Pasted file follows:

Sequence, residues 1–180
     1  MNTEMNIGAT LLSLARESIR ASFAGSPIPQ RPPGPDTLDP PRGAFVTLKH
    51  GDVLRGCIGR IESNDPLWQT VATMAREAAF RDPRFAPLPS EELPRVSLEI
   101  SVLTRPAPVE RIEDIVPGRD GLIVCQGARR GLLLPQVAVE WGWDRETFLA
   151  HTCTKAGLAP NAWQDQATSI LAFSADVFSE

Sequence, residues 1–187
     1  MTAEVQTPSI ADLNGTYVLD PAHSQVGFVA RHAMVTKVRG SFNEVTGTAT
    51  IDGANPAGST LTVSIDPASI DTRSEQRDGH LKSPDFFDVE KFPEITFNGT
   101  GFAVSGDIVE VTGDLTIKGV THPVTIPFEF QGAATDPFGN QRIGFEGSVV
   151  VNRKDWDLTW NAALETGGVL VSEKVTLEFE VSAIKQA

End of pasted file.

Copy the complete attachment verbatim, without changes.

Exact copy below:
Sequence, residues 1–180
     1  MNTEMNIGAT LLSLARESIR ASFAGSPIPQ RPPGPDTLDP PRGAFVTLKH
    51  GDVLRGCIGR IESNDPLWQT VATMAREAAF RDPRFAPLPS EELPRVSLEI
   101  SVLTRPAPVE RIEDIVPGRD GLIVCQGARR GLLLPQVAVE WGWDRETFLA
   151  HTCTKAGLAP NAWQDQATSI LAFSADVFSE

Sequence, residues 1–187
     1  MTAEVQTPSI ADLNGTYVLD PAHSQVGFVA RHAMVTKVRG SFNEVTGTAT
    51  IDGANPAGST LTVSIDPASI DTRSEQRDGH LKSPDFFDVE KFPEITFNGT
   101  GFAVSGDIVE VTGDLTIKGV THPVTIPFEF QGAATDPFGN QRIGFEGSVV
   151  VNRKDWDLTW NAALETGGVL VSEKVTLEFE VSAIKQA